John Lewis is furious after being named on a “name and shame” list for breaking minimum wage laws.
JOHN Lewis Partnership (JLP) is outraged after being named and shamed for failing to fulfill minimum wage laws, claiming that the “technical break” that occurred four years ago has been remedied and made public.
The Department for Business (BEIS) has made public a list of 191 companies, including John Lewis Partnership, that it claims have failed to meet their employment commitments. From 2011 to 2018, it is claimed that companies such as Pret A Manger and Sheffield United Football Club jointly underpaid over 34,000 workers by £2.1 million. HM Revenue and Customs forced nearly 200 companies on the list to pay back what they owed, and they were fined an additional £3.2 million, according to the BEIS.
JLP, on the other hand, has reacted angrily to its inclusion on the list, claiming that it acted in the best interests of its employees over a 2017 issue involving difficulty in implementing new pay standards.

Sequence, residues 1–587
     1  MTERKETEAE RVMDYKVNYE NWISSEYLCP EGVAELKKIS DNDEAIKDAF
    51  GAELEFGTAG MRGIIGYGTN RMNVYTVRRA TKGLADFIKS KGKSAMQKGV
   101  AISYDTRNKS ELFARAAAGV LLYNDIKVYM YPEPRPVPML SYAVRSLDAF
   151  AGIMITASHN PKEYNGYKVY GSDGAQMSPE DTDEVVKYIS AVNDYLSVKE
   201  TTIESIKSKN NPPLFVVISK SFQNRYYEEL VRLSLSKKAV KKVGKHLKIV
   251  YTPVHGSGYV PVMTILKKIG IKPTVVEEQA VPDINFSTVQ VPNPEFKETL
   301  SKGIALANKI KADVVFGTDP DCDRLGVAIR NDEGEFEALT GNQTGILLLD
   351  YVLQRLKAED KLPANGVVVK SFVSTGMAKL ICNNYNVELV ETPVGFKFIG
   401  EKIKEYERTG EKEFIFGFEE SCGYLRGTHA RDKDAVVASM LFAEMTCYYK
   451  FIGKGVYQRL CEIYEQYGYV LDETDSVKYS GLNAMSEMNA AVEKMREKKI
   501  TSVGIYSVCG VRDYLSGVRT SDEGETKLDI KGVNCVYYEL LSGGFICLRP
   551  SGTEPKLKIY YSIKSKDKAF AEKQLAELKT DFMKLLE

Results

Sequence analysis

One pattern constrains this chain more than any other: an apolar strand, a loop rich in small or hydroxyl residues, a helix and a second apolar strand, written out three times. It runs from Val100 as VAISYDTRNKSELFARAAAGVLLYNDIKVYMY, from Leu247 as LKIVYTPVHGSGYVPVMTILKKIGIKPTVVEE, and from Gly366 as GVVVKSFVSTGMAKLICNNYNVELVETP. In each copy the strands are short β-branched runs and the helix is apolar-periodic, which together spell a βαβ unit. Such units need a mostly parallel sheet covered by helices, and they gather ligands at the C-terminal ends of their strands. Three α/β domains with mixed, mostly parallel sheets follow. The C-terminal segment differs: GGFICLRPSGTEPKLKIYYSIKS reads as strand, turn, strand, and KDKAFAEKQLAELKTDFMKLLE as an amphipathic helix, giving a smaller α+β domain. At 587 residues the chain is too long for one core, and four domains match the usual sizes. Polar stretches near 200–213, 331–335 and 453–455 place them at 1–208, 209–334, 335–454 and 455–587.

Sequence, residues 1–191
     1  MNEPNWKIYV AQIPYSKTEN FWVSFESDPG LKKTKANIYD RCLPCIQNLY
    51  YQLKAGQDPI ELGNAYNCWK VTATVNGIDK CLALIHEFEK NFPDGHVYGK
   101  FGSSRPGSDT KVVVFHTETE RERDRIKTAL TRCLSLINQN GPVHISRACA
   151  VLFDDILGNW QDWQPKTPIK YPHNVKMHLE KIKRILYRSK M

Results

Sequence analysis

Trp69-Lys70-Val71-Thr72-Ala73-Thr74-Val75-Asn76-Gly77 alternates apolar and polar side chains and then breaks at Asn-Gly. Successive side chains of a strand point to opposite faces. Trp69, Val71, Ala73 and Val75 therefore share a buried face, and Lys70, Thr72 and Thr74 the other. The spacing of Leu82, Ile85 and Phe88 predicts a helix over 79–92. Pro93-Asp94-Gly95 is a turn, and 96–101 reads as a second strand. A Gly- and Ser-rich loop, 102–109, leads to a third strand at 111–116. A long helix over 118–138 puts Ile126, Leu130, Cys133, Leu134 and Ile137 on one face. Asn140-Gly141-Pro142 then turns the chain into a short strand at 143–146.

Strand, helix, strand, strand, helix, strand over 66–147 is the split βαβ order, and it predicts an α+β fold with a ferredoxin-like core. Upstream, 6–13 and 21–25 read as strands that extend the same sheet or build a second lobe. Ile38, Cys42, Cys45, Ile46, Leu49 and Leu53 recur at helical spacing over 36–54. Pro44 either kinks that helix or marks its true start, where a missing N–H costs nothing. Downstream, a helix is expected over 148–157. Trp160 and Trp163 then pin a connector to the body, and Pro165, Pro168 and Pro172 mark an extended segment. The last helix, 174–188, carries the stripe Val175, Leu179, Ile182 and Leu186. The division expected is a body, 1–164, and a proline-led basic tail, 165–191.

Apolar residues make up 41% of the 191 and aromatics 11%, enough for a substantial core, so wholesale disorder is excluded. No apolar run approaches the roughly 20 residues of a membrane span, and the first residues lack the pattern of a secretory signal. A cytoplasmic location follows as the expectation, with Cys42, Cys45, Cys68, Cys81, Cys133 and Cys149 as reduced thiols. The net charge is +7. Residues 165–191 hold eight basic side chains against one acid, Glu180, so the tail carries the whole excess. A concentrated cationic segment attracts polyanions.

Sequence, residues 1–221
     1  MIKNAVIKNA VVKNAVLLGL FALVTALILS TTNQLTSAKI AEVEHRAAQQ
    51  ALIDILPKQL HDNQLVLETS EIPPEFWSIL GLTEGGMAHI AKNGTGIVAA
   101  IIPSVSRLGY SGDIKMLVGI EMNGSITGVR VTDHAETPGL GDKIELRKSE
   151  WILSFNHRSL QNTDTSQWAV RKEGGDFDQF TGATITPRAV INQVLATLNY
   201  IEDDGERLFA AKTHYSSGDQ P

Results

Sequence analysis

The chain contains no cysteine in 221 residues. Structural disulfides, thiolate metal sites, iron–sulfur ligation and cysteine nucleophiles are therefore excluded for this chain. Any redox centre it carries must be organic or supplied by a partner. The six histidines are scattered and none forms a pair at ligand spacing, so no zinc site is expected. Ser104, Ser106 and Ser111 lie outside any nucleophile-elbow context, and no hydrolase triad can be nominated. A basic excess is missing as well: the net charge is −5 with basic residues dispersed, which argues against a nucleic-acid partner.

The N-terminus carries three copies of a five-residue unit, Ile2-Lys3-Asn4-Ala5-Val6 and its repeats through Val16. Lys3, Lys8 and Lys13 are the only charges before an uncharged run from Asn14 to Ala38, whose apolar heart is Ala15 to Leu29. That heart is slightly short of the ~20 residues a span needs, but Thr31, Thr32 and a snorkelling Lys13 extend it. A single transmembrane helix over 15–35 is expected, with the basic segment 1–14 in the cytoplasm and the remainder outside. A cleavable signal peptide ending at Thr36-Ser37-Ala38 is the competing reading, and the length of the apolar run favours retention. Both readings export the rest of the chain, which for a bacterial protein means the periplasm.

The partnership stated at the time that it had set aside several million pounds as a precaution and was working with HMRC to ensure that money were paid to impacted staff as soon as possible.
Partners received a total of £950,000 in compensation.
However, a person close to JLP told Sky News that the company was growing increasingly irritated by its position on the list and requested that the system be modified.
According to the newspaper, individuals behind the list believed JLP should be on it due to a slew of failures, including salary deductions for uniforms.
“We’re astonished and dismayed that BEIS has chosen to reveal this today,” a JLP representative stated.
“This was a four-year-old technical flaw that has since been corrected and which we made public at the time.
“The problem developed because the partnership smooths compensation so that partners with variable income receive the same amount each month, which makes budgeting easier for them.
“Our average minimum hourly pay has never been less than the national minimum wage and is now 15% higher.”
The majority of the entities on BEISS’s new list are small businesses, such as child care providers and hotels.
Pret A Manger’s inclusion, for an underpayment of nearly £10,000, was due to a past error in the interpretation of salary sacrifice for childcare vouchers, and was moved too soon, according to a representative. “Brinkwire News in Condensed Form.”